You probably know about the 5.9L Cummins and the 6.7L Cummins engines, but there is another Cummins engine that you’ll find in pickup trucks, and that’s the 5.0L Cummins used in the Nissan Titan XD. While it might not be as popular as the bigger Cummins engines found in Ram trucks, it’s still a pretty solid engine with some cool innovations that give it great power output and low emissions output.
To start this off, I want to clarify that the 5.0L Cummins is an engine that exists in two forms: the commercial version and the Nissan version. We’ll mostly be focusing on the Nissan version today, which according to Nissan and Cummins, shares about 70% of its internal components with the commercial version of the engine. Although it shares a large portion of the components, it took years for Cummins and Nissan to finally bring this engine to market in their Titan XD.
Why Nissan Trucks?
You might be wondering how the 5.0L Cummins ended up in Nissan’s truck, considering Cummins engines have historically been used in Ram trucks? That takes us way back to around 2009ish when Cummins was developing an all-new light-duty diesel engine that was supposed to be debuted in the Ram 1500 by 2010 but was later delayed.
“Chrysler’s delay has no impact on the [light-duty diesel] engine,” said Mark Land, director of public relations at Cummins. “We’re still moving forward with development, we’re just pacing it differently.” So, basically, Cummins was developing an engine that they presumed would be used in Ram trucks given their long history with supplying engines for their heavy-duty Ram trucks, but they weren’t locked into that, as they publicly stated that other companies were interested in their upcoming light-duty diesel engine.
“We have other customers who are interested in the engine, including Nissan,” Land said. “We’re also talking to others about the engine.” Of course, this was after Nissan had announced its partnership with Cummins. Nissan wanted to use diesel engines in their upcoming line of light commercial vehicles that were supposed to start production in 2010.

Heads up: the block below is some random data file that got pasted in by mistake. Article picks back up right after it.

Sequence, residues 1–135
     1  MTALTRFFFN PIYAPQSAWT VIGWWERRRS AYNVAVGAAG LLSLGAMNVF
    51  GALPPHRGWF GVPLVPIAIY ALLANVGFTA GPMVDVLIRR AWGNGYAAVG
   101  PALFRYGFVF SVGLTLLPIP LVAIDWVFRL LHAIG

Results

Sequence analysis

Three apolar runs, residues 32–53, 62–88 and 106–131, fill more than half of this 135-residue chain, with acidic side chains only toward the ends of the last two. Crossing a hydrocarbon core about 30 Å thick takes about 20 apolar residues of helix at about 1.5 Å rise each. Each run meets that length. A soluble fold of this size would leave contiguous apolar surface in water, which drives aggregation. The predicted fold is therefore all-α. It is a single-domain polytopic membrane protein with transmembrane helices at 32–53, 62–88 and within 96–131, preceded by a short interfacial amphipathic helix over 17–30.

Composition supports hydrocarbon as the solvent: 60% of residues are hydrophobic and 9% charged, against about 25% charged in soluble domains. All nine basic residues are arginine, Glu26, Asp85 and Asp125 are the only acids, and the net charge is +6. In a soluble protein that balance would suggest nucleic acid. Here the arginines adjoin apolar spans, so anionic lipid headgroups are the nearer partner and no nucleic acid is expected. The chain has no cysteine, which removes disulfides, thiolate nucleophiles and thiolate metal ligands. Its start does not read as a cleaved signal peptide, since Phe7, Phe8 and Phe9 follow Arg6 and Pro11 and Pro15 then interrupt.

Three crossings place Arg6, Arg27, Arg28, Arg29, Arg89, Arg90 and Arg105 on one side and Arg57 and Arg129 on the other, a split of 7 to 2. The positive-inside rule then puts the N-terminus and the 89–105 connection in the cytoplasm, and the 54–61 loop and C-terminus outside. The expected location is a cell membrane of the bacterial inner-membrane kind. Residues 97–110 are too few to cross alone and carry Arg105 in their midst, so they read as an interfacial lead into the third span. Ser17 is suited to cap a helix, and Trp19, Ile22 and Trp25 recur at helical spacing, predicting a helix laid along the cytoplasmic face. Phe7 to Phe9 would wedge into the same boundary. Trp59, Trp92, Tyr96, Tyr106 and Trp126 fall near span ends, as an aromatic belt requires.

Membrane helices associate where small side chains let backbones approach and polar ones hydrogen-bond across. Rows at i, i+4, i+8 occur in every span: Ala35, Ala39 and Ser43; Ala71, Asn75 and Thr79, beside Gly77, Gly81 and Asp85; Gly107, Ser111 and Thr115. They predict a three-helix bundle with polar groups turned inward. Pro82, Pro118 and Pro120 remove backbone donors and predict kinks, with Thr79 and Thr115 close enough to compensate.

So, looping back around: Cummins was developing a light-duty diesel engine that was supposed to be used in the Ram 1500, but they were also open to supplying the engine to other companies, including Nissan, who they already had a partnership with for their light commercial vehicles.
Fast forward to late 2013, and Nissan publicly announced that the next-generation Titan would be available with the 5.0L Cummins engine. Up to this point, Cummins was still developing a version for commercial vehicle customers. The whole goal with this engine was to bridge the gap between a 1500 truck and a 2500 truck. This engine from Cummins, combined with their next-generation Titan trucks, was supposed to be more capable than an F-150, Silverado 1500, Ram 1500, or Tundra, but not quite as cumbersome as a heavy-duty pickup.
There was really a gap in the market, and light-duty diesel trucks were supposed to fill it, but that market ended up not being quite as big as Nissan had expected. More on that later, though.
But that loops us back around to the original question: why didn’t Ram use this engine in their 1500 trucks? And the answer is actually really simple: fuel economy. According to Ram, their research showed them that customer’s expected superb fuel economy from a 1500 diesel truck. So, rather than going with the 5.0L Cummins, they opted to develop their own engine with Fiat’s VM Motori, which was the EcoDiesel engine.
This article isn’t about the EcoDiesel, so we’re not going to get into that, but basically, they developed the EcoDiesel because they wanted more fuel economy than what the 5.0L Cummins was going to deliver.
Now that you have an idea of why this engine ended up in Nissan trucks instead of Ram trucks let’s take a look at the engine itself and what makes it such an interesting platform.
What makes the 5.0L Cummins so different from Cummins engines you’ll find in other pickup trucks is the fact that it’s a V8, whereas the 5.9L and 6.7L Cummins are both inline-six engines. Despite having a vastly different configuration from the Ram’s Cummins engines, it features many of the same design characteristics. Most notably, it features a Compacted Graphite Iron block, or CGI for short, which is the same durable and relatively light-weight block material used on 5th gen Cummins powered trucks.
For the engine to be lightweight compared to other diesel engines, everything needs to go on a big diet. That’s part of the reason that this engine uses a CGI block, as well as aluminum cylinder heads. The overall thickness of the block is also optimized for this application because the target power is much lower than the bigger diesel engines such as the 6.7 Cummins.